Feb 5, 2018
Dr Carolyn Lam: Welcome to Circulation on the Run, your weekly podcast summary and backstage pass to the journal and its editors. I'm Dr. Carolyn Lam, Associate Editor from the National Heart Center and Duke National University of Singapore. In today's feature discussion, we are talking about external validation of the DAPT score, a discussion that's going to take us all the way to east Asia, but for now, here are your weekly summaries.
In this week's journal, two studies are presented which compare ductal stenting to surgical shunts in the current era of ductal dependent pulmonary blood flow. As background, infants born with cardiac abnormalities causing dependence on the arterial duct for pulmonary blood flow are often palliated with a shunt between the subclavian artery and either pulmonary arteries. This modified Blalock–Taussig shunt allows progress through early life to an age and weight at which repair or furthermore stable palliation can be safely achieved. However, these modified Blalock–Taussig shunts continue to present concern for post-procedure instability and early mortality.
Duct stenting has emerged as an alternative with potential for greater early stability and improved survival. In the first study, first and corresponding author Dr. Bentham from Yorkshire Heart Centre reviewed data from the National Congenital Heart Audit, comparing the outcomes of 171 neonates who underwent a modified Blalock–Taussig shunt and 83 who underwent attempted ductal stenting, all in the setting of duct dependent pulmonary blood flow between 2012 and 2015. They found that stenting the arterial duct was preferable over the modified Blalock–Taussig shunt in terms of survival to next stage surgery, early post-procedure hemodynamic stability and shorter intensive care and hospital stay. There was a high failure rate both early, with the inability to stent the duct and late, with a greater need for re-intervention on the stented duct compared to the surgical shunt.
The second study originated from four North American pediatric cardiology centers representing the Congenital Catheterization Research Collaborative. First and corresponding author, Dr. Glatz from Children's Hospital of Philadelphia performed a retrospective cohort study reviewing all infants with ductal dependent pulmonary blood flow under a year of age, having either a ductal stent or a modified Blalock–Taussig shunt between 2008 and 2015. Although the observed risks of the primary outcome of death or unplanned re-intervention to treat cyanosis was higher in the surgical shunt group, there was no significant difference between groups after adjusting for patient level factors. Furthermore, after adjusting for patient factors, other outcomes favored the stent group, including fewer procedural complications, shorter intensive care unit length of stay, less frequent need for diuretics and larger and more symmetric pulmonary arteries at last follow up.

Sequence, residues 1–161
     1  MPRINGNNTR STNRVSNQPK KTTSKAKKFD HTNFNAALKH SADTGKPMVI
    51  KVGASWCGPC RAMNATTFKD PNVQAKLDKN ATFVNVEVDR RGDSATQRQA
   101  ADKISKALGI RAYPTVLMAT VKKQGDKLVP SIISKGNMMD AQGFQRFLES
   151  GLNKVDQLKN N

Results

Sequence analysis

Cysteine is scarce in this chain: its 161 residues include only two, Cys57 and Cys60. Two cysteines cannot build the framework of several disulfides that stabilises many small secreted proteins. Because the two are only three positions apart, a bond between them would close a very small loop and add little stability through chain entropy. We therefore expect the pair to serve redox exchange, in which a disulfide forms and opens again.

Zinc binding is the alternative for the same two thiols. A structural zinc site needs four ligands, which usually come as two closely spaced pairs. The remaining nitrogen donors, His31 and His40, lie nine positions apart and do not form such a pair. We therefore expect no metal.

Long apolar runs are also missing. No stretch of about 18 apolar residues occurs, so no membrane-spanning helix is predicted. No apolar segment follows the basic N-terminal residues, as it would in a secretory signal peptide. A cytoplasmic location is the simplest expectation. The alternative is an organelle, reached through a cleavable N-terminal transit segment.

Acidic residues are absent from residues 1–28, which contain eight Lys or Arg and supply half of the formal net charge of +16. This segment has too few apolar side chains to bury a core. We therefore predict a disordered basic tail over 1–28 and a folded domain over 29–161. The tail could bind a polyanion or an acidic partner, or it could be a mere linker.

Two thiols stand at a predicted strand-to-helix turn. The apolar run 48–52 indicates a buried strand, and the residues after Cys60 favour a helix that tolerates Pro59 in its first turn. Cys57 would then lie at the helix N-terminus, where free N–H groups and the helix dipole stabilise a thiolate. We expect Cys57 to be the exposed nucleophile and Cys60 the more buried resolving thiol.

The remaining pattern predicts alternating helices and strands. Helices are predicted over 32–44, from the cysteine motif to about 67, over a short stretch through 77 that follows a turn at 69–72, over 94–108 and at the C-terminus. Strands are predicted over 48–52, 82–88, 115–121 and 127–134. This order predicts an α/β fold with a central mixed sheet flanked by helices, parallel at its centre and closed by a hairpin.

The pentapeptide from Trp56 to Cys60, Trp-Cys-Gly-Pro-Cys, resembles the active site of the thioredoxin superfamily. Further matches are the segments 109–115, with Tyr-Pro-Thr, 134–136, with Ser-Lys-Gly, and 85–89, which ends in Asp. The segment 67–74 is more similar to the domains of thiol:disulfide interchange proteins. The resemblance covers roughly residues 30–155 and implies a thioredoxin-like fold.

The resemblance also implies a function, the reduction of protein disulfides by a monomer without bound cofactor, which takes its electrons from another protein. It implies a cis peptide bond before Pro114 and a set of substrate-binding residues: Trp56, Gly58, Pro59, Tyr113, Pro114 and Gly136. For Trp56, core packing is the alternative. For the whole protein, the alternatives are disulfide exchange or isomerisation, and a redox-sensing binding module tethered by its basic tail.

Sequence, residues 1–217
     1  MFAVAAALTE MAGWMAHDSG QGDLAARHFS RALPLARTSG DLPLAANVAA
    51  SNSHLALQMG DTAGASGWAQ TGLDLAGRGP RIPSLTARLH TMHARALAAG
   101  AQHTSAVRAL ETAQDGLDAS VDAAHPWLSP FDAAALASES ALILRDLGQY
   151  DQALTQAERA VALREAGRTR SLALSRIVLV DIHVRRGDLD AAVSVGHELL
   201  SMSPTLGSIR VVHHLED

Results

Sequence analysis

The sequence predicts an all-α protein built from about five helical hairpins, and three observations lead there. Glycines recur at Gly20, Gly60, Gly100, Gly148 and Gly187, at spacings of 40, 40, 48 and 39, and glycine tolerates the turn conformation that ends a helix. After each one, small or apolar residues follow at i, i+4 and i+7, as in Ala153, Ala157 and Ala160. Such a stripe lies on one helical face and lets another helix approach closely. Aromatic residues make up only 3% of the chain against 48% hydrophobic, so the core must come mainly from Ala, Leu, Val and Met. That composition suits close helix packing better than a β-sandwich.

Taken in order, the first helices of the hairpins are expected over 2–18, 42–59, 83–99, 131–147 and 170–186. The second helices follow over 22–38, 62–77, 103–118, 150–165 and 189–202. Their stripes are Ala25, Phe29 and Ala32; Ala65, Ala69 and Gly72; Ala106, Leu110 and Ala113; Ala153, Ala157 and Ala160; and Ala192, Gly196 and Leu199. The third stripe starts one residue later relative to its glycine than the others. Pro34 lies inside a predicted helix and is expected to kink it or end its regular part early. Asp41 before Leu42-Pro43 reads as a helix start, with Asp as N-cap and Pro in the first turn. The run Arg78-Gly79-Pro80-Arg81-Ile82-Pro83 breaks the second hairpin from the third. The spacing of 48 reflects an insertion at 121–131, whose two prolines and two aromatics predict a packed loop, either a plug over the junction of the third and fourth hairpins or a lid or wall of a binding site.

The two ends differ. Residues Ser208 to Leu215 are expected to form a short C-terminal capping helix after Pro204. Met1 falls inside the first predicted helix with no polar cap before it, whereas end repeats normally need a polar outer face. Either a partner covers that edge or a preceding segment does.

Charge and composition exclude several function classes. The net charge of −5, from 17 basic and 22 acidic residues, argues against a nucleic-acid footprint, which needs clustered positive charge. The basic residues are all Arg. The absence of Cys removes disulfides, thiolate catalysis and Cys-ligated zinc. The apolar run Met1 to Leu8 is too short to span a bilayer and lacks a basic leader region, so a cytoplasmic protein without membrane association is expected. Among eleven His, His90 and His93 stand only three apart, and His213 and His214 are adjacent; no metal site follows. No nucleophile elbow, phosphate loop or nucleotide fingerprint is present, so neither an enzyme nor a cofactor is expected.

These companion papers are discussed in an elegant editorial by Drs. Benson and Van Arsdell from Hospital for Sick Children in Toronto.
The next study tells us that there may be a higher risk of vascular dementia in patient who survive a myocardial infarction. First and corresponding author, Dr. Sundbøll from Aarhus University Hospital in Denmark performed a nationwide, population based study including almost 315,000 patients with myocardial infarction and found that the risk of vascular dementia was higher compared to a matched general population comparison cohort. The risk of vascular dementia was incrementally higher in patients who suffered stroke or developed severe heart failure during the first year after myocardial infarction and in patients who underwent coronary artery bypass grafting. There was no association with all caused dementia, Alzheimer's disease or other dementia sub-types. Take home message is that among one year survivors of myocardial infarction, attention should be placed to persistently higher risk of vascular dementia.
The next study identifies a novel mechanism whereby the RNA binding protein, fragile X mental retardation autosomal homologue one or FXR1, directly regulates gap junction remodeling, leading to dilated cardiomyopathy. Co-first authors Drs. Chu and Novak, corresponding author Dr. Gregorio and colleagues from University of Arizona studied human left ventricle dilated cardiomyopathy biopsy samples as well as mouse models of dilated cardiomyopathy. They found that FXR1 expression was significantly increased in human and mouse dilated cardiomyopathy. Up regulation of FXR1 in the heart altered the location and distribution of gap junctions, subsequently leading to ventricular tachycardia in mice.